Hurricane Preparedness

As the 2006 season shapes up, meteorologists are concerned that the country is ripe for a storm that could rival Katrina.

Hurricane Preparedness Week starts this week and FOX Fan Central wants to hear from YOU!

Do YOU think America is prepared for another major hurricane? And if not, what should be done to get ready?

Check out's Hurricane Preparedness for Businesses Part One: Disaster Recovery Planning

Click on the links in the box on the right to read recent stories on this topic, then e-mail us at and jump into the debate!

Here's what FOX Fans are saying:

"According to the latest reports, the Atlantic waters are much cooler than last year. Will this make a difference? Possibly so. Mother Nature is difficult to predict at times. Hurricanes have been around forever. As to being prepared for another Katrina, it is not likely the government and/or states are prepared. I am certain that FEMA has learned much from its failures in responding to Katrina. The weather experts are saying that this country can expect at least 16 hurricanes this year, with at least three being very destructive storms. Let's just hope that we don't witness another Katrina this year." — Don (Bountiful, UT)

"I am prepared. My family and I have been through hurricanes before and undoubtedly will go through some again. I always keep hurricane supplies in my store room, I have two generators, lots of canned food, water, propane gas for the grille, gasoline for the generators so the refrigerator and freezer will work, plastic tarpaulins, roof shingles, tar paper, TYVEK, roofing nails, caulk, etc. I could go on and on, but the bottom line is: yes, I am prepared! However, those dummies that wait until an hour before the storm hits, or a few hours after it is over, to head out to find water and supplies should not whine and blame the government for their lack of preparedness. The season starts soon — get ready now!" — Pete (FL)

"We are not ready to throw more money at people who choose to live in a precarious situation and elect incompetent leaders." — Phil (Duncanville, TX)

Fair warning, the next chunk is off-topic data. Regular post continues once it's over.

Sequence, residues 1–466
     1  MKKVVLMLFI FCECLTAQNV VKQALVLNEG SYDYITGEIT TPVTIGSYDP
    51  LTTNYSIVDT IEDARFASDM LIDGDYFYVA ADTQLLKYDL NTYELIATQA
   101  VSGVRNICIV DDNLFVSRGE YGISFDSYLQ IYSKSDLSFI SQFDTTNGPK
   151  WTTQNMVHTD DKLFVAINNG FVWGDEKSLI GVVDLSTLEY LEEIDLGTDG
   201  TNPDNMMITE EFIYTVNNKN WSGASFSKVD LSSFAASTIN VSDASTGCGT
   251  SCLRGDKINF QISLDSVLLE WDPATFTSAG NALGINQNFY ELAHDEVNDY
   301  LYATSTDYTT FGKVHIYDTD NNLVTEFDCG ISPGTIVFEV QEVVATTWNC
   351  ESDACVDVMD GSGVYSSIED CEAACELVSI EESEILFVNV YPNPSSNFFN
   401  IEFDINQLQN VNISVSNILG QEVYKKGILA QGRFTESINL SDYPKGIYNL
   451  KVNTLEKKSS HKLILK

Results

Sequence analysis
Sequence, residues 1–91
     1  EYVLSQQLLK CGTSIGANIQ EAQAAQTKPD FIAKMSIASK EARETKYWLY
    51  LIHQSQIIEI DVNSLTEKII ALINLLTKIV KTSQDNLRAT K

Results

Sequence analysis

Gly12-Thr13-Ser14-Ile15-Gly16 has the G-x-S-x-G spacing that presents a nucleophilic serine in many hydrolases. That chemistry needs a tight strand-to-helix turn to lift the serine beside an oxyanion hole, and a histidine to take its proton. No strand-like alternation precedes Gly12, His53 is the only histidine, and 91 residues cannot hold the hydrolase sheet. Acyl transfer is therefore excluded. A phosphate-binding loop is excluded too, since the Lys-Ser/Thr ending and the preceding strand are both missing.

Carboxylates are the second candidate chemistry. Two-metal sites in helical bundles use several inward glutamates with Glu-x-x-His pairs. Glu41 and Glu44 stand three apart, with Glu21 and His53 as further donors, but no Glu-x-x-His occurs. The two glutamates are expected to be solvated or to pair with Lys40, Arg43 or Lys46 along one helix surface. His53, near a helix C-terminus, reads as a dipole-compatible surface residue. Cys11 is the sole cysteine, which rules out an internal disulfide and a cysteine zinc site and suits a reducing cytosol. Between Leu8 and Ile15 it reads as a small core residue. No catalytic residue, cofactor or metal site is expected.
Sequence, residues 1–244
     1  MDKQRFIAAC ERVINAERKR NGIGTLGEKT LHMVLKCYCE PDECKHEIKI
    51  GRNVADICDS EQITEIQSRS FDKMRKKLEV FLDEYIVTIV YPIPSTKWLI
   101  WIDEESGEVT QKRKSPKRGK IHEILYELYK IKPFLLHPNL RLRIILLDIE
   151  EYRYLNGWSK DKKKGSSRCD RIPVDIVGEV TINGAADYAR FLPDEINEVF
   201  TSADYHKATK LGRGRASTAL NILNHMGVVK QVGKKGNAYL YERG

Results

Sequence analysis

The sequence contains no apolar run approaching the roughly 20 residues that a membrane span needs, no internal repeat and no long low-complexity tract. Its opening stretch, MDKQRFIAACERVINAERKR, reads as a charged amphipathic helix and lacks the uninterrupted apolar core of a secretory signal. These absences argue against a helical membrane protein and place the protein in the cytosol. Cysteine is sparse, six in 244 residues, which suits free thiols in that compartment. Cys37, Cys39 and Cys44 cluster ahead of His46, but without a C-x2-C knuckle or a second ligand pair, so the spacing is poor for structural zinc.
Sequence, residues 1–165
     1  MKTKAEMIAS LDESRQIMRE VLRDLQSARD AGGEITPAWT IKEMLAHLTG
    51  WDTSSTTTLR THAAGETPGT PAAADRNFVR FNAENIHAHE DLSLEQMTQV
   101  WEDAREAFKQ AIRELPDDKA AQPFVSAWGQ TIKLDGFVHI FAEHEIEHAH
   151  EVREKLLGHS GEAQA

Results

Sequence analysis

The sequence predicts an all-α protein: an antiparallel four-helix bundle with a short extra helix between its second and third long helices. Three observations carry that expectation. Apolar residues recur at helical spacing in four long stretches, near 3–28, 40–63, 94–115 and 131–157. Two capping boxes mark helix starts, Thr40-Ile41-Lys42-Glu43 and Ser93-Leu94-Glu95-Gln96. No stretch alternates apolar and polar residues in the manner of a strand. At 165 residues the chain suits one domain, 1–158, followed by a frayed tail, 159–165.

"Nobody can prepare for storms/tornadoes/hurricanes, but people can minimize the impact of these natural catastrophes on their life and properties. Residents in natural catastrophe-prone areas should prepare themselves for such catastrophes. The local and state governments of those areas must also have disaster preparedness blueprints so that they can help their residents and constituents evacuate, provide temporary shelter, food, medical aid, and prevent anarchy, looting, and crime in the streets. The role of the feds is THIRD only to that of local and state government officials. That's why states and cities ELECT their own officials. New Orleans must be in denial of the inequities that Nagin displayed during the New Orleans disaster, as they re-elected him. They'll soon find out if it was wise of them to re-elect such an incompetent mayor this coming hurricane season." — Jade (Arizona)

"Of course we are NOT ready. All the government agencies involved are bilking money from the funds — including the Red Cross — and most especially, the corrupt Louisiana government officials. WHY should the rest of the country pay for Katrina? If you want the city built, RESIDENTS, then build it back yourself. They equate themselves with 9/11 victims and they all want a million dollars. I live in South Carolina — the hurricanes this year are supposed to hit the East Coast. If something happens here, we must depend on our own insurance, our own friends and family, our own reserve money and sweat equity AND our own ingenuity. Wake up Louisiana — do it yourselves." — Sandy (SC)

"As one who lives in Florida, I am satisfied that I personally am ready. We should be taking care of ourselves! As far as the federal government goes, I am more concerned with their ability to contain illegal immigration than I am for them to mitigate hurricane damage." — Paul (Cape Canaveral, FL)

"No, the entire Katrina incident was a debacle from day one, and we are no more prepared now. The levees aren't finished, the materials used for the levees is suspect, and FEMA is still in disarray. This administration is no more ready than it was last year. Billions have been spent on Iraq and billions for tax cuts for the rich but it seems New Orleans is not a priority. The priorities for this administration need to change from nation-building to working on the problems in this country. We need to clean house in Washington and put in some people who will concentrate on this country for a change." — A Disgusted Voter

"There is more than enough blame to go around for Katrina and the lack of preparedness. Yes, FEMA could not adequately respond (just like was predicted by the experts when it was decided to roll FEMA into DHS). But how about the two hundred million dollars that had been 'misplaced' over the past 20-plus years that was to be used by the City of New Orleans and State of Louisiana to maintain, strengthen, and upgrade the levees? People do not want to think that it can happen to them — the mindset is that these things always happen to someone else." — John (Rio Rico, AZ)